Fuel consumption
Imperial unit:                             miles per gallon
Abbreviation:                             mpg
Approximate equivalent:         mpg x fuel consumption in L/100 km = 282
This is primarily a measure of comparative performance – it is unsatisfactory for calculating fuel consumption, since fuel is sold by the litre.

Energy, power and refrigeration
Imperial units:                           British thermal unit, horsepower
Abbreviation:                             Btu, hp
Approximate equivalents:       1 Btu is about 1 kJ
.                                                     1 hp is about 750 W
The watt has become almost universal for describing the power of heating equipment. Paradoxically, US influence results in the output of refrigeration plant and air conditioning sometimes being described in Btu/h. And, in common with the US, the horse remains a popular point of reference in Britain for vehicle performance.

Warnings for Americans

Do not be surprised if you have never heard of the stone – it is used only in the UK.
For conversion to pounds, see above.

Outside literature and museums, ‘ton’ and ‘tonne’ have become interchangeable in the UK and mean 1000 kg, not to be confused with the US ton of 907 kg.

The Imperial quart is history. The Imperial pint is 568 mL. The US pint is 473 mL. If you measure your consumption of draught beer by the pint, you will get drunk faster in the UK. And if you measure it by the unit, you will just get confused, as a unit in the UK in 10 mL of pure alcohol whereas it is about 15 mL in the US.

Americans normally encounter the yard only on the football pitch. Be prepared to find it on road traffic signs, warning you of imminent danger ahead.

Fuel consumption
The Imperial gallon is 20% larger than the US gallon. Rest assured, the variation in fuel consumption when measured in mpg between identical vehicles in the UK and the US is due to the quantity not the quality of the fuel.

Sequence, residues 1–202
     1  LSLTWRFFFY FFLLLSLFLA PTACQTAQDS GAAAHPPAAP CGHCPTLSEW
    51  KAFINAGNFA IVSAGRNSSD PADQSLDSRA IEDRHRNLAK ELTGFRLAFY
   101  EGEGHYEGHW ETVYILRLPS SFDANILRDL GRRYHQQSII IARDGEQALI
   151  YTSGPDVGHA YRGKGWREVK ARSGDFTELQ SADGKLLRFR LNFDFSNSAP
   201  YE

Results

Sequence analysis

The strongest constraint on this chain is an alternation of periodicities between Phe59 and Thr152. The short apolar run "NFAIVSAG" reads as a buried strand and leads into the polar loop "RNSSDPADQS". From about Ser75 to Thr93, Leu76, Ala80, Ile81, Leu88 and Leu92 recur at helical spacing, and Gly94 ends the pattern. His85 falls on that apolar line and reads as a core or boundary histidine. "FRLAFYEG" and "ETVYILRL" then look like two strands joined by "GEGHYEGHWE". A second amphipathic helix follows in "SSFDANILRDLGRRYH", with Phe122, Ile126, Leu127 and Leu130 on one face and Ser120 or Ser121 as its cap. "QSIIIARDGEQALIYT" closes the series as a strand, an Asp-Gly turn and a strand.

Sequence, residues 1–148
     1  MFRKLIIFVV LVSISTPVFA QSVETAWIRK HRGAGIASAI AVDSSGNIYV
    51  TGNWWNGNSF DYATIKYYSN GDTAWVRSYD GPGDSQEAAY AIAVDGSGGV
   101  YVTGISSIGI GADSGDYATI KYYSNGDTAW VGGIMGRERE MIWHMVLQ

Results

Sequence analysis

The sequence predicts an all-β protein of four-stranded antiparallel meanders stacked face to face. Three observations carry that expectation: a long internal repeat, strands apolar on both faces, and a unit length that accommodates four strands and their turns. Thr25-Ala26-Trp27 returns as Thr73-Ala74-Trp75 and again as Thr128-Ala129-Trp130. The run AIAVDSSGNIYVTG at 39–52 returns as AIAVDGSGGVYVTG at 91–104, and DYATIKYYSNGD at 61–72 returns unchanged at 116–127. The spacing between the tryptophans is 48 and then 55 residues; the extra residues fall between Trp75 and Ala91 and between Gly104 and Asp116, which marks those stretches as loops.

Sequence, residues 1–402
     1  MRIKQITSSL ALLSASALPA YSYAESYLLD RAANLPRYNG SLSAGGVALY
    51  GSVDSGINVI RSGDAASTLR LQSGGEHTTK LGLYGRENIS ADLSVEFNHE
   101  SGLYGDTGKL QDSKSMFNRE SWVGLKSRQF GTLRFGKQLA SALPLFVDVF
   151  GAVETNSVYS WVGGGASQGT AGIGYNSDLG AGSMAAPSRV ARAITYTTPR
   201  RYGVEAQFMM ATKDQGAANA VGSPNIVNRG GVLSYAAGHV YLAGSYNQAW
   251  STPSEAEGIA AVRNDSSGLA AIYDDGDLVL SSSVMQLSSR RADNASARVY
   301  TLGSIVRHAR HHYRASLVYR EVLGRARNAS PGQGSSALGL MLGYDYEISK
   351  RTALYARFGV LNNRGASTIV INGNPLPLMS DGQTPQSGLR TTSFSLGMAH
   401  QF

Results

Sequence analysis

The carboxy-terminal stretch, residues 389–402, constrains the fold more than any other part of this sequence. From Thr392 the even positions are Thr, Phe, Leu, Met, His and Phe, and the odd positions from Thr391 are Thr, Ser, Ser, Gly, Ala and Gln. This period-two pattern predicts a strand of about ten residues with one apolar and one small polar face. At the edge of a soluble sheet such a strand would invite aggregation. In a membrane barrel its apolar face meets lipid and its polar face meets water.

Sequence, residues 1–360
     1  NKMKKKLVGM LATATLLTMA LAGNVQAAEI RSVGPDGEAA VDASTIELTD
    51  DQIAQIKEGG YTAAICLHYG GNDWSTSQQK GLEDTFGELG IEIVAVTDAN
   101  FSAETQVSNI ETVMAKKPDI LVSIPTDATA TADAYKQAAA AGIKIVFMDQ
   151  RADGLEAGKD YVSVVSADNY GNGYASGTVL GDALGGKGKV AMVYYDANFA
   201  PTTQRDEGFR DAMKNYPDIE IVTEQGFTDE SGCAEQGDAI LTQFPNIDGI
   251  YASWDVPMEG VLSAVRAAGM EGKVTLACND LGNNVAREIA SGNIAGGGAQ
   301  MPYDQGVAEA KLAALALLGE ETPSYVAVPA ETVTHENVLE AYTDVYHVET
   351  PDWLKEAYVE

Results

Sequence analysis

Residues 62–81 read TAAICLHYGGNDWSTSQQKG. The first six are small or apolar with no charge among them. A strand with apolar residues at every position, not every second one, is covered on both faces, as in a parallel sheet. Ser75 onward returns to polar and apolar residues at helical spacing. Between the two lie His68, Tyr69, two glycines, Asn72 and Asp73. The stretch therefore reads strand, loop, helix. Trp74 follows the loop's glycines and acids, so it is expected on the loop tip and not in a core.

Celsius and its predecessor centigrade have been around for so long that the word “Celsius” is sometimes dropped when quoting temperatures. If you hear “30 degrees” think twice – it is likely you will need a sun hat not an overcoat.


Conversion factors printed in bold are exact and others are given to four significant figures.

Length, height, altitude and distance
1 mile              = 1.609 km                               1 km                = 0.621 4 mile
1 yard              = 0.914 4 m                            1 m                  = 1.094 yard
1 foot               = 0.304 8 m                                                    = 3.281 feet
1 inch              = 25.4 mm                                                        = 39.37 inches

1 acre              = 4047 m²                                1 hectare (ha)  = 2.471 acres
.                        = 0.404 7 ha
1 sq ft              = 0.092 9 m²                           1 m²                  = 10.76 sq ft

1 pint               = 0.568 261 2 L                    1 L                    = 1.760 pint

1 pound           = 0.453 592 37 kg               1 kg                 = 2.205 lb
1 stone             = 6.350 kg                                                        = 0.1575 stone

Fuel consumption
1 mpg              = 0.3540 km/L                        1 km/L           = 2.825 mpg

1 Btu                = 1.055 kJ                                 1 kJ                  = 0.9478 Btu
1 hp                  = 745.7 W                                 1 kW                 = 1.341 hp

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24 Responses to Imperial in 2015

  1. Charlie says:

    if only there were a logical way we could get rid of the need for any kind of conversion factors except simple powers of 10...

    but seeing as this guide is, unfortunately, needed (especially as I'm 21) - this is really useful for units I never actually encountered at school such as the acre and whatever a BTU is supposed to be!

  2. John Steele says:

    Good guide.

    A few thoughts for consideration:

    Since you warn about the larger pint (of beer), it might be worth noting that the UK unit of alcohol is 10 mL of pure alcohol, while the US unit (which is less used) is 0.5 US fl oz, about 15 mL.

    In the area conversions, the conversion for 10 000 m² is correct but looks odd. You might want to note somehow that it is also 1 ha.

    It might be worth mentioning the Fahrenheit in summer, Celsius in winter syndrome, and a conversion.

    (John. Thanks for this. I have amended the Guide. Editor.)

  3. Jake says: